Annabel Meikle, Scotch Malt Whisky Society (AM)
Nick Morgan, marketing director for Classic Malts, Diageo (NM)
Richard Paterson, master blender, Whyte and Mackay (RP)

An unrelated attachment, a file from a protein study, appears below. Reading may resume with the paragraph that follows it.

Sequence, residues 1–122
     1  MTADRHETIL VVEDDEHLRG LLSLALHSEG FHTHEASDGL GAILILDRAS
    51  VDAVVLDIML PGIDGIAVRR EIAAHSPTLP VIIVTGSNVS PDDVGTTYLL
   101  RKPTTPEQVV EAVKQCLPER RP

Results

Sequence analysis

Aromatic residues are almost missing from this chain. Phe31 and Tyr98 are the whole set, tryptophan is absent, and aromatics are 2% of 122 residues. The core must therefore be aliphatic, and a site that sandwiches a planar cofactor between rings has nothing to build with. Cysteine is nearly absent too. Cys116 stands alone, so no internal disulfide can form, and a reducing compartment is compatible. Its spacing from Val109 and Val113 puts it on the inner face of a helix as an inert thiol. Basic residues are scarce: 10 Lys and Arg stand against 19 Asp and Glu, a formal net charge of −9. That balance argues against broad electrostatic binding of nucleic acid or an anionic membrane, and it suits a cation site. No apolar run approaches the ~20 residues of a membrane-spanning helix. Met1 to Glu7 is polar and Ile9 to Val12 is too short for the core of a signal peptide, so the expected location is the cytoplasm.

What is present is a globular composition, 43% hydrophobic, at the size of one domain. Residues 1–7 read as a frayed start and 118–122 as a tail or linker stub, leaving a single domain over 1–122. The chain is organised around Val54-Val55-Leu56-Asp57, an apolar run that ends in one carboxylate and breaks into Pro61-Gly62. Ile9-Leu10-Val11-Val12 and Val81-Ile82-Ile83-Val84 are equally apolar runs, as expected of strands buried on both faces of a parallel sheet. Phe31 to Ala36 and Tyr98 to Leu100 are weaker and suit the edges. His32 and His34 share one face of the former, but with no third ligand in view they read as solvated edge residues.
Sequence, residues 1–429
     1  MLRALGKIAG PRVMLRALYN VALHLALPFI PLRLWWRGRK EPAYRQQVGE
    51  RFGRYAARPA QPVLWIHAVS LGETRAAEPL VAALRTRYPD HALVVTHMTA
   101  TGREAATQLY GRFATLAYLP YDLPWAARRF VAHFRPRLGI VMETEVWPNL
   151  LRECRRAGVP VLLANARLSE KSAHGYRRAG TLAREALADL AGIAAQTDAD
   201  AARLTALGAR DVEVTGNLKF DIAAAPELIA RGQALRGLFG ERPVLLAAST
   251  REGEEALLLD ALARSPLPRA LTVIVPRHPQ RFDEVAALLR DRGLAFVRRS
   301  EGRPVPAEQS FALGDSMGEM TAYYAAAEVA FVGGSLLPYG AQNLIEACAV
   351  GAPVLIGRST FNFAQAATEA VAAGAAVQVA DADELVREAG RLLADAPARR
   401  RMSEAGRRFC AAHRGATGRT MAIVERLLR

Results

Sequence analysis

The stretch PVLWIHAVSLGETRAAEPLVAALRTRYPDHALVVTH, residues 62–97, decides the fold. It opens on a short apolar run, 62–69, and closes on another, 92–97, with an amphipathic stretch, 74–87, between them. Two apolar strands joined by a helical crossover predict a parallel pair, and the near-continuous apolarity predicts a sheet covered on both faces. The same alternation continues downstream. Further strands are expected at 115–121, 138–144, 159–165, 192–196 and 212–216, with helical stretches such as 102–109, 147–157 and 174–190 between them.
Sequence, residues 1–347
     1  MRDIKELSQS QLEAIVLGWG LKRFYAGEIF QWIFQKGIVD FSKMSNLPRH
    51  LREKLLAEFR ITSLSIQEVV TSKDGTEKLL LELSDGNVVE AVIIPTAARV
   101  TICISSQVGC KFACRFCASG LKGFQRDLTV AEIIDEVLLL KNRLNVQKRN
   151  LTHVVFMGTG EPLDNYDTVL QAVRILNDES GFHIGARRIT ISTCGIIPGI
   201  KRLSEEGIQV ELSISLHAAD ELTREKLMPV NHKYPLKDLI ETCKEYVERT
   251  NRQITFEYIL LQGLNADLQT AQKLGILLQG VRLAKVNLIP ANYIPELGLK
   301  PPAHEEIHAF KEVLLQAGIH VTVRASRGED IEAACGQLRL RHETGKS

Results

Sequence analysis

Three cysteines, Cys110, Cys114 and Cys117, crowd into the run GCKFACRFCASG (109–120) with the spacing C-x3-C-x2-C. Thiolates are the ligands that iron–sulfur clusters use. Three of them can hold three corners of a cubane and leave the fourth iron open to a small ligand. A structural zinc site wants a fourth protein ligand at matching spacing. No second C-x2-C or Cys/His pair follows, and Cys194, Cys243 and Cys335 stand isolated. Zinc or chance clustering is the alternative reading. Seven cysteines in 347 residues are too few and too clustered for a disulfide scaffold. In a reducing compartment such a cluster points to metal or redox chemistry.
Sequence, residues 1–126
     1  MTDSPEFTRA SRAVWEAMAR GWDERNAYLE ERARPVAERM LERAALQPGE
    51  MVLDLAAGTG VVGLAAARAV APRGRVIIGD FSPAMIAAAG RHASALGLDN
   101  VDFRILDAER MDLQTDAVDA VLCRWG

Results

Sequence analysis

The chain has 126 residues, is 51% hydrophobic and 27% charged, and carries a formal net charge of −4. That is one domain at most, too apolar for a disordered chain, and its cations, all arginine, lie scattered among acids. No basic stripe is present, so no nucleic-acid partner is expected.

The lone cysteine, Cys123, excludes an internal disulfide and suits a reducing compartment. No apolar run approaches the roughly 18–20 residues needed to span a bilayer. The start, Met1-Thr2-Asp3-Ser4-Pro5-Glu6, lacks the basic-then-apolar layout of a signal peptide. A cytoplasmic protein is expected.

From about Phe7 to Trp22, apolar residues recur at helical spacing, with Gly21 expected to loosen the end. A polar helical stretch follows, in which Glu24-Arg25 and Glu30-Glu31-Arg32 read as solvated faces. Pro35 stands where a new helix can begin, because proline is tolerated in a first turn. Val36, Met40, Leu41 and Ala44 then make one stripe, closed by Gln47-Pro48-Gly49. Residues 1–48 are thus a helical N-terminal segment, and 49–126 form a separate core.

Dave Robertson, director of Easy Drinking Whisky Company (DR)Q: Will there be a growth in vatted malts over the next few months?NMcD: Vatted malt is already a significant category in a number of countries most notably France where it is a large, low price segment. I do not envisage significant growth in the short termNM: I agree. There is already a thriving vatted malt segment within the malt whisky category that accounts for several hundred thousands of cases. I can’t see this increasing spectacularly over the next few months, but clearly it has potential to grow further over the next few years.RP: That’s my view too. Unlikely I feel unless there is considerable promotional spend on this type of product.DR: There will be growth, but limited until Diageo reveals what the replacement strategy for Cardhu will be. Our range includes vatted malts and we will continue to grow, driving success via sampling and giving people a way to navigate through the plethora of malts out there. Diageo with its marketing muscle and dollars will drive the category in due course which can only benefit the wee guys like us.Q: Are big companies such as Diageo likely to drive the sector in the future?NM: Its a segment of the malt category in which a number of both large and smaller companies play – some distillers, some not. Some very small companies have created very successful and I assume profitable niches – such as Compass Box. Diageo already has a presence with brands such as Johnnie Walker Green label and it’s natural that we should look to increase our presence in a segment which we believe is